The University of South Carolina plans to build a new $200 million health-care campus for its School of Medicine, asking for $50 million from state lawmakers to jump-start the project.
The 39-year-old school would move from its site next to the Dorn Veterans Affairs Medical Center to 14 acres that USC owns near Palmetto Health Richland hospital, USC chief operating officer Ed Walton said after a state House panel hearing over the university’s budget request.
Plans call for a four-building campus that would include a new medical school, a life-science facility, a private medical-research office and a parking garage, said Russ Meekins, director of the USC Foundation, a funding arm of the university. Two more buildings could be added and shared by USC and the hospital, Meekins said.
USC and the hospital’s parent company, Palmetto Health, will be partners, already having agreed to merge their medical practices.
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“This kind of opportunity would support our long-term goal to more closely align medical providers across the health-care spectrum and provide greater access to clinical research for our patients to continue to meet the needs of our community,” said Palmetto Health chief executive Chuck Beaman.
The USC School of Medicine’s lease with the U.S. Department of Veteran Affairs for the Garners Ferry Road site ends in 2030. The Garners Ferry building needs $75 million in improvements, university officials said, adding rent is expected to increase to $7.5 million a year under a new lease from the current $1.
Opening a new school of medicine with additional research space is more practical — and will provide a development boost, university officials said.
USC researchers and the hospital would share research and equipment. They already share the hospital's advanced equipment, including an MRI machine purchased with the help of a USC graduate, Meekins said.
Meanwhile, Greenville developer Bob Hughes might be offering USC an alternate site for the School of Medicine and its more than 300 students. Hughes is in early talks with the USC Foundation about the possibility of donating some land on his Bull Street residential-and-retail development, which abuts Harden Street near the hospital, Meekins said.
Asks for $46.3 million for other projects
USC has seen a construction boom since president Harris Pastides took office in 2008, building more than $600 million in academic and athletics projects.
More work is planned, including renovating Carolina Coliseum into a second student union. That project could cost about $50 million to $60 million, Pastides said. The student union would be on the coliseum’s concourse level, Walton said. The renovated building, which houses Gamecock basketball practice facilities and offices, could include student services, such as financial-aid offices, in the basement, once used for classrooms.
The coliseum renovation needs approval from USC trustees. It approved, it will be completed about 2020, Walton said.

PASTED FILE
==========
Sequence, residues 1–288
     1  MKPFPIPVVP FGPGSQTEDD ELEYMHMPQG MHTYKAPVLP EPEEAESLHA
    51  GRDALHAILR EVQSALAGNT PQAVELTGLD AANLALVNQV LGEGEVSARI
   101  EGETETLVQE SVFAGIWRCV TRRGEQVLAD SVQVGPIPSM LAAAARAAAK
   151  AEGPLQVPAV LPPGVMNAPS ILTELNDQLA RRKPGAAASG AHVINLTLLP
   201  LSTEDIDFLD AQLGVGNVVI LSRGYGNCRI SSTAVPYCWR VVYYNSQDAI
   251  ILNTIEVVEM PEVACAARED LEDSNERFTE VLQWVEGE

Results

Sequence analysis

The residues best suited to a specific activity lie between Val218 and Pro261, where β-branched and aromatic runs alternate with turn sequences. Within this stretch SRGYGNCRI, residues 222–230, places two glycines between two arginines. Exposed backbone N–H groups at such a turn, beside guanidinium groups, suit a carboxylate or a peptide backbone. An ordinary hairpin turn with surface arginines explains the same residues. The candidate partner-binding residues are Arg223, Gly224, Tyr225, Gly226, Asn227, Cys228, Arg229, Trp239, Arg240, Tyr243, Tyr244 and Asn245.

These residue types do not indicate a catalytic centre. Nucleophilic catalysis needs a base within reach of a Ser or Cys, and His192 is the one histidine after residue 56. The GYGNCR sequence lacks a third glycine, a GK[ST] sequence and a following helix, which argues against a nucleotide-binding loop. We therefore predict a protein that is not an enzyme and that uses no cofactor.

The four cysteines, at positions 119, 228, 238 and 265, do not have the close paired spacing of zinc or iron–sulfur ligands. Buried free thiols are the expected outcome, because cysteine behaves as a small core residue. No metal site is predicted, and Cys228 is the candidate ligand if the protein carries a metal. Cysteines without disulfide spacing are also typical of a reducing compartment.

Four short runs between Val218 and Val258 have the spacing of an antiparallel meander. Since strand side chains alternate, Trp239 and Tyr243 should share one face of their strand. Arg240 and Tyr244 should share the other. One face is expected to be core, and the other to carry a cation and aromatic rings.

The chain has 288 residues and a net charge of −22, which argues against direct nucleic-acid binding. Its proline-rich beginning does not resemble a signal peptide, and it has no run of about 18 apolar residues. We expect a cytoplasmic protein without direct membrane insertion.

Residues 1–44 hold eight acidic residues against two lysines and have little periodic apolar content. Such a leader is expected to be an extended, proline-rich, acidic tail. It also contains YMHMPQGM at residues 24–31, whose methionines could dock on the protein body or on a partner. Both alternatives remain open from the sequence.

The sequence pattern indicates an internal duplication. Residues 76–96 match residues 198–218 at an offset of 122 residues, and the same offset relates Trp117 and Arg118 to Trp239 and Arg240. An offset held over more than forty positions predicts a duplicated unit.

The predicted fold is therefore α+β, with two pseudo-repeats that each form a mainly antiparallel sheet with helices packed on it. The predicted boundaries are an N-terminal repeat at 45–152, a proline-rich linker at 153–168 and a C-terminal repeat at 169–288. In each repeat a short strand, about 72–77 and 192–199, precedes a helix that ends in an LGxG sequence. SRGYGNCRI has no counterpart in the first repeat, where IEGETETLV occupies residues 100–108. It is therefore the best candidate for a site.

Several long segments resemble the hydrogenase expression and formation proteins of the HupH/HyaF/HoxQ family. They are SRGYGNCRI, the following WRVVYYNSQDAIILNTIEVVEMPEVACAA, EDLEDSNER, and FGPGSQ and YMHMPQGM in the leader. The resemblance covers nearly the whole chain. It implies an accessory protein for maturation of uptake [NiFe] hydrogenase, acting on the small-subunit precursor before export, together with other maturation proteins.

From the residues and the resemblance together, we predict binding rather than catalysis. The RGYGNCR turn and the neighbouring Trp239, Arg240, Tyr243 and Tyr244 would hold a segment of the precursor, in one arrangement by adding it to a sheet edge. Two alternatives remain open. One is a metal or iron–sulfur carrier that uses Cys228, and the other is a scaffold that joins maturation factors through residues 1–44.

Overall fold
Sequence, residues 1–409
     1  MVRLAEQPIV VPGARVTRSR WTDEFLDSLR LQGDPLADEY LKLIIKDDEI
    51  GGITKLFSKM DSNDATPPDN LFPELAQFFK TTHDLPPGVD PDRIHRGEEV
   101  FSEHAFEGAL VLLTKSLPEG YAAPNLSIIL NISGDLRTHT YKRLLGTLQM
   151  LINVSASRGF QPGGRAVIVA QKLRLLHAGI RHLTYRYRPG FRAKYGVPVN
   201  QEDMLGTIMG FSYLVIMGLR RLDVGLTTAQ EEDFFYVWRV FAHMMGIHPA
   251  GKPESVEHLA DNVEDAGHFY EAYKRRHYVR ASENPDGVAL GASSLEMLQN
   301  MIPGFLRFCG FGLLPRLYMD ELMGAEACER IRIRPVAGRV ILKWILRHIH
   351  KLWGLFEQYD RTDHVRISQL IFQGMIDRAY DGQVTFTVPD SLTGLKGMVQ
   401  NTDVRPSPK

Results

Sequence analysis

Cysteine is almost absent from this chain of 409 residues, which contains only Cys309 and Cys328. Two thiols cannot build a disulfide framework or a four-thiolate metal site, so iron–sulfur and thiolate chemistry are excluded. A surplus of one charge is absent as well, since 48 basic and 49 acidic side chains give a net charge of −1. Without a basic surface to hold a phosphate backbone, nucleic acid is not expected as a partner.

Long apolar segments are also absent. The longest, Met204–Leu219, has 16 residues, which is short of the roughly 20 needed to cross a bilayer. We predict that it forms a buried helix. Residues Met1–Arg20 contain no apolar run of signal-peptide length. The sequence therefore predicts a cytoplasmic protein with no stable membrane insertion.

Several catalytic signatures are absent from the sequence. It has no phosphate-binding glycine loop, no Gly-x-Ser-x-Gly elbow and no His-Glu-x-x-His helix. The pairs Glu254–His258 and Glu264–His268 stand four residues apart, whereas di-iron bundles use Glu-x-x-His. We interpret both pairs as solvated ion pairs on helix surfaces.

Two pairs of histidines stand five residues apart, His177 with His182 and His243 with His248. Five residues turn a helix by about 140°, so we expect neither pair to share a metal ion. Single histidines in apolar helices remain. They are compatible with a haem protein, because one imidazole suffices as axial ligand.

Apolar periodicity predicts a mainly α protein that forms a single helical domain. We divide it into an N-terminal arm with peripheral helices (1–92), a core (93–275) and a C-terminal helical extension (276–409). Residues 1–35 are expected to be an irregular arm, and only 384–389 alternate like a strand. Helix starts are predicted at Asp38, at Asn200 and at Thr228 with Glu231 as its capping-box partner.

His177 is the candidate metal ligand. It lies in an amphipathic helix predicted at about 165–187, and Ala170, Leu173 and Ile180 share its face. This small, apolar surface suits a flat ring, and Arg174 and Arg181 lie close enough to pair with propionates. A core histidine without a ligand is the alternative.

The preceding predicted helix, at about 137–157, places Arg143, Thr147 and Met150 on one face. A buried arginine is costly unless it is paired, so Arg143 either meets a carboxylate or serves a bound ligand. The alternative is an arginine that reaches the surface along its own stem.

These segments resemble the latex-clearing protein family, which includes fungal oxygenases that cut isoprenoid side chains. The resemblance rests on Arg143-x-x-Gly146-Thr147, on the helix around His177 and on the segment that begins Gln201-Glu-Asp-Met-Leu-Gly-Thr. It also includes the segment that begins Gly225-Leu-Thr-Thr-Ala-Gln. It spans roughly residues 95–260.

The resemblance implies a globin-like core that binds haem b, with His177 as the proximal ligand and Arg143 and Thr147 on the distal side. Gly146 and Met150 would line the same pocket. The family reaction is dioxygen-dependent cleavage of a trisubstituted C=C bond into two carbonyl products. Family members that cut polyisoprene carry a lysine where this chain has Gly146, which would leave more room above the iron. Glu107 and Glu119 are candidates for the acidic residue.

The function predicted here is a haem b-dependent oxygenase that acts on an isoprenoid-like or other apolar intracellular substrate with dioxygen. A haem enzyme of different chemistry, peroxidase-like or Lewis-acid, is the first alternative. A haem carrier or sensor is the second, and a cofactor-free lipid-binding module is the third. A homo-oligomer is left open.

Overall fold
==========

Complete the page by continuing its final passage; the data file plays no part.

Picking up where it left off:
USC did not request state money for the coliseum renovation this year. However, the state’s flagship university did ask for $46.3 million in added state money for its Columbia campus for other projects, besides the new med school.
The other requests include additional professors and career counselors at USC’s popular business school and Honors College as well as building renovations and additions.
The largest request, other than the health-care campus, is $21.5 million to renovate and modernize the building now housing the law school, one of the largest classroom buildings on campus. The university received $3.5 million from the state last year for the work. USC plans to spend another $20 million renovating the building into science lab space.
The law school is moving to a new $80 million building in 2017.
State Rep. Jim Merrill, the Berkeley Republican who chairs the House higher education budget panel, said he does not know how many of USC’s requests will make the House’s final budget proposal. With $1.2 billion in new state money to spend this year, House budget writers still are hearing requests from other state colleges and agencies.
USC has not decided what to do if state lawmakers do not provide the $50 million requested for the health-care campus in the budget, Pastides said.
New campus would open in two phases
The new $200 million health-care campus in Columbia is a top priority for USC, officials said. It would open in two phases.
The first 130,000-square-foot building, slated to open in 2020 at a cost of $80 million, would include classrooms and other teaching facilities. USC would pay for that building with $30 million in gifts and money from city and county government funds, and the $50 million in state money requested.
The second phase would include a 165,000-square-foot research facility, opening in 2023, with space for the school’s other clinical health programs. The $120 million price tag would be paid with cash and gifts, and by borrowing. No other state money would be requested, USC’s Walton said.
USC opened a medical school in Greenville in 2012 next to Greenville Memorial Hospital.
Pastides said the new Columbia campus would not compete with the Medical University of South Carolina in Charleston, the state’s other main medical school.
MUSC spokeswoman Heather Woolwine said her school wants to know more about USC’s proposal, adding, “It’s important that we and our legislators clearly understand how investing our limited state resources in this venture will positively impact our state’s health and knowledge economy.”
USC state budget requests
$50 million to help pay for relocating and building a new School of Medicine
$46.3 million for other projects on its Columbia campus